One of the many things that makes Kentucky Fried Chicken unique in fast food history is that its growth as a powerhouse franchise was not quite as direct as, say, McDonald's. For one thing, the chain began not as a dedicated franchise location but rather as a menu of items out of a regular restaurant. In this case, KFC was essentially born in a pair of motels/restaurants in Asheville, North Carolina and Corbin, Kentucky. Colonel Harland Sanders, who owned both in the 1930s, rebuilt his Corbin location as a motel with a 140-seat restaurant after a fire struck in late 1939. Here is a June 1940 newspaper ad for the Sanders Court & Café, published in the Asheville Citizen Times. Note how there is no reference to chicken: The first Kentucky Fried Chicken franchise opened on Septem
In past ad galleries I've typically stuck with a particular theme or product, such as holiday-themed ads or new car lineups. I'm going to try something new and product an ad gallery from a single year, covering a wide range or products and services. Basically, a sort of visual shorthand to see what someone would've seen in print or TV ads in a particular year. Think of this as a virtual department store of sorts. For the first edition I thought I'd travel back exactly 50 years to 1967. Let's browse! Automobiles Consumer Electronics Entertainment Fashion Food and Beverage Health and Beauty Household Goods Travel
I don't know about you, but there comes a point when convenience goes too far, and things just get weird. Case in point: This 1950 advertisement for Swift's Premium Canned Hamburgers, which purports to "take the labor out of the Labor Day Week End." But hey, as gross as the prospect of eating preformed meat out of a can may be, at least you can send in that coupon and get a sweet sandwich toaster for just 50 cents!
Happy Father's Day from The Man in the Gray Flannel Suit and from the fine people who bring you Edgeworth Pipe Tobacco! It's Dad who tends the furnace, it's Dad who mows the law, And it's Dad who pushes off to work before the crack o' dawn... It's Dad who carries bundles. And it's Dad who has to pay, Let's give Dad the FINEST! for his pipe on FATHER'S DAY!
This lovely brochure comes from Pacific Telephone, and advertises their line of extension colorphones. There's no date on this one, but I think 1960s is a reasonable guess. The front of the brochure features a delightful mid-century color palette that definitely predates the earth tones of the '70s. Perhaps someone more versed in commercial artwork of the period can figure out a more precise date range? Pacific's full name at the time of this brochure was The Pacific Telephone and Telegraph Company, by which they were known until 1983. That's the year they moved from their parent company, AT&T, to one of the many new Baby Bells formed in the wake of the former company's breakup, Pacific Telesis. Today, the company once known as Pacific Telephone operates as the Pac
For this third installment of vintage billboard photos, I have a gallery of roadside advertisements for local news broadcasts. Just about all of these date from the 1970s and '80s, and include ads for news broadcasts as well as local weather and sports teams. All images courtesy Duke University’s Digital Collections site. Click for a larger version.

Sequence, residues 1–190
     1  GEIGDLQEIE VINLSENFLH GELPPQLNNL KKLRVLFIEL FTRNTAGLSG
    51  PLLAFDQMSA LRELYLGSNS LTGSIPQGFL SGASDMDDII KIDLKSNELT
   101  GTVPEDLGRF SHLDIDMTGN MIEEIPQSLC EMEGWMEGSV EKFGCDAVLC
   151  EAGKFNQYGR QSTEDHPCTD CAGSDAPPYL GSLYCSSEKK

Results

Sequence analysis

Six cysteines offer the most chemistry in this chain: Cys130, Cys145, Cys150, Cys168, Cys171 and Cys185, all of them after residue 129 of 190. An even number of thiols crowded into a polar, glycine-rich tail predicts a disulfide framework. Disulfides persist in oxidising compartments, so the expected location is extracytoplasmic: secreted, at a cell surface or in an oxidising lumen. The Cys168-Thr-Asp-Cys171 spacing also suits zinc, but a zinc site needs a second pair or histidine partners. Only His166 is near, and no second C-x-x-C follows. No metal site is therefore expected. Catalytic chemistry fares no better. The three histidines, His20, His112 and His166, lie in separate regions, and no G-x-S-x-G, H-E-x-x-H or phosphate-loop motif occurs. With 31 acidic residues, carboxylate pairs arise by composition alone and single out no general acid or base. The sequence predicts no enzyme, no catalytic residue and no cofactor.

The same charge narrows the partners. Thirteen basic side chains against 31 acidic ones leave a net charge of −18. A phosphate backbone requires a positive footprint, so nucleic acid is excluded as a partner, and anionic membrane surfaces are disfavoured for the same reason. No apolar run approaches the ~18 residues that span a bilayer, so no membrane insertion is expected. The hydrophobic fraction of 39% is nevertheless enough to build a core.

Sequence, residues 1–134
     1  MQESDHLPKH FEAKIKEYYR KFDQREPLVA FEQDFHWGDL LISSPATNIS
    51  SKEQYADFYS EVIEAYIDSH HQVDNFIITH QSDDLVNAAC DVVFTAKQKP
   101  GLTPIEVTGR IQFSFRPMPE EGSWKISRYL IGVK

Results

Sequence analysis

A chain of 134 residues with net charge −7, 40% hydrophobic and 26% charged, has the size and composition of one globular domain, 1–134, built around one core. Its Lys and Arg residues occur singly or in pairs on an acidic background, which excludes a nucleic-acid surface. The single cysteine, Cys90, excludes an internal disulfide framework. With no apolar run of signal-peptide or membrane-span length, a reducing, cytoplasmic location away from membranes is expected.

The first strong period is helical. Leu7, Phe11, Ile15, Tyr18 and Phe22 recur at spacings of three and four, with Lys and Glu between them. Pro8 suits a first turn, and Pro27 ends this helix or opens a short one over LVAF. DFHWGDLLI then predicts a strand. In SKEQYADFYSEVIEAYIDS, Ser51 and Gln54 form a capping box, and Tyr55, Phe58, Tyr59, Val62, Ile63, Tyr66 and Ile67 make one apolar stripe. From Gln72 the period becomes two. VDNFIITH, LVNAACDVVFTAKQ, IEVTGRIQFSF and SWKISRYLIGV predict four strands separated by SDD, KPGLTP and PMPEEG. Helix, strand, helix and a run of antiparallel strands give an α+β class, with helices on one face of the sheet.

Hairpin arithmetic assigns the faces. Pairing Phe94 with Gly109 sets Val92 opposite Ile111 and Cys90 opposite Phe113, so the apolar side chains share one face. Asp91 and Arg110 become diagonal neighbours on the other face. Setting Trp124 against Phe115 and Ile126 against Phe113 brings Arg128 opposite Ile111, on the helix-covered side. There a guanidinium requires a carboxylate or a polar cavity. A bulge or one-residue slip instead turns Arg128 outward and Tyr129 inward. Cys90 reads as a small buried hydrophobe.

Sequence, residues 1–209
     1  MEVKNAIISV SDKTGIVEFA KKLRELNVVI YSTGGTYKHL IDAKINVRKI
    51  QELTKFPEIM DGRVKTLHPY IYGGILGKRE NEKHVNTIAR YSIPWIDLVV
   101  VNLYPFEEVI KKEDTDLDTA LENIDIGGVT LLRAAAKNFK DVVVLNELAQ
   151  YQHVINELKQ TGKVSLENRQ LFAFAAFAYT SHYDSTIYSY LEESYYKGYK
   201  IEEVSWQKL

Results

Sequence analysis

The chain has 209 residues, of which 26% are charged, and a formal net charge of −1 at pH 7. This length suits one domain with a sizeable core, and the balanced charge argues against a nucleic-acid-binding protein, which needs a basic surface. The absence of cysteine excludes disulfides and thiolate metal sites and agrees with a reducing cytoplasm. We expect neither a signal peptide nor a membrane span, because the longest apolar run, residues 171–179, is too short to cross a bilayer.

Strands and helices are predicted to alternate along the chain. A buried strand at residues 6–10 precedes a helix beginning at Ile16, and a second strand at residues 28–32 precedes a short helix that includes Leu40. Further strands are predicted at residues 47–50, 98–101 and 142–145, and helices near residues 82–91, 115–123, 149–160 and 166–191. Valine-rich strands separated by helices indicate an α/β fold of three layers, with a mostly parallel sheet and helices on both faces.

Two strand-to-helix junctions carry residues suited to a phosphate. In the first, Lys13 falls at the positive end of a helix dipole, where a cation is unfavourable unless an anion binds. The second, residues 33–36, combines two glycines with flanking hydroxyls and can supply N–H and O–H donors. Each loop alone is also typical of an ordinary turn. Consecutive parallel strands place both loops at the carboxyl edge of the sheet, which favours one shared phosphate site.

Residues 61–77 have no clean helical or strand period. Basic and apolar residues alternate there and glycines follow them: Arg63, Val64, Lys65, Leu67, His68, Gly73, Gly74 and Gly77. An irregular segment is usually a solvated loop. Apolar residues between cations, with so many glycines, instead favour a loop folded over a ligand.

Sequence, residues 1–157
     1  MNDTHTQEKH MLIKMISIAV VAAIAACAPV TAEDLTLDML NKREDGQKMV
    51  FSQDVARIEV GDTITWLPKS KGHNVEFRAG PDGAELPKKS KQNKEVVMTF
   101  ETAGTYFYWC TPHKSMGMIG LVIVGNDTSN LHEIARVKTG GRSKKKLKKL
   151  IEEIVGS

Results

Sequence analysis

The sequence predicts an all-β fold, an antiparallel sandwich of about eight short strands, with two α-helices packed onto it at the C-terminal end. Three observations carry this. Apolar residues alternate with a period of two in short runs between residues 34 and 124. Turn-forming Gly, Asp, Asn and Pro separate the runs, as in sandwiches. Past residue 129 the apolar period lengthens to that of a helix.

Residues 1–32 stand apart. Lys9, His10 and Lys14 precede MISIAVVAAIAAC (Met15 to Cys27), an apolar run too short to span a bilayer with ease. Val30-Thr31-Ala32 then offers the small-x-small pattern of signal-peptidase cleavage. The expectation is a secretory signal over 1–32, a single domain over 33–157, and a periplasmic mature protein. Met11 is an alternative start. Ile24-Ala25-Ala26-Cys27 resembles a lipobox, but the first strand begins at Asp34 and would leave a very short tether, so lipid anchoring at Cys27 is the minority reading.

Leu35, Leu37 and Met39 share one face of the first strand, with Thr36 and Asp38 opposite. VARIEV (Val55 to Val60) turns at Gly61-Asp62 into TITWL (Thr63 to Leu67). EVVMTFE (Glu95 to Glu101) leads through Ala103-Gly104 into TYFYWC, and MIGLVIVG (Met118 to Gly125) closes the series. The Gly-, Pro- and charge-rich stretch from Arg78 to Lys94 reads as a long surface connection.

It's been a looong time since my last new car ad gallery -- just over three years in fact since my 1970 Dodge post. For the return of this series, let's fast forward one decade to the dawn of the '80s and the lineup for GM's Pontiac make. The theme for these ads was a pretty clever twist on the MPG initialism. In this case it stood for: More Pontiac to the Gallon More Pontiac Excitement to the Gallon More Pontiac Excitement for the Great Ones The only model I wasn't able to find a good print ad for is the Sunbird, so if anyone can help me out please let me know. (To see other car lineup advertisement galleries, click here. Got a request for other years and makes? Let me know in the Comments section.) 1980 Pontiac Compacts 1980 Pontiac Mid-Sizes 1980 Pontiac Full
In Airline Memories, I share aviation items and curiosities from the long history of commercial flight. You’ll see everything from ephemera to souvenirs and other branded items from various U.S. airlines. If you have a request or anything else to share, leave a comment or contact me directly. Not only is today St. Patrick's Day, but we are just weeks away from the 80th anniversary of the founding of one of the world's most iconic national airlines -- Aer Lingus. So to celebrate both occasions, here is a collection of some cool, vintage Aer Lingus items I've come across. As always, click on any item for a larger version.
Look up "All American" in the dictionary and you'll probably find this image, as seen on a beautiful Howard Johnson's ad from a 1955 issue of Life magazine. Click on the image for the full-size version on Flickr. This ad has it all pretty much. The cars, the iconic orange HoJo roof, the happy patrons all dressed to the nines. Don't you want to go there right now??? Let's get a closeup of that gorgeous artwork, shall we? (also on Flickr)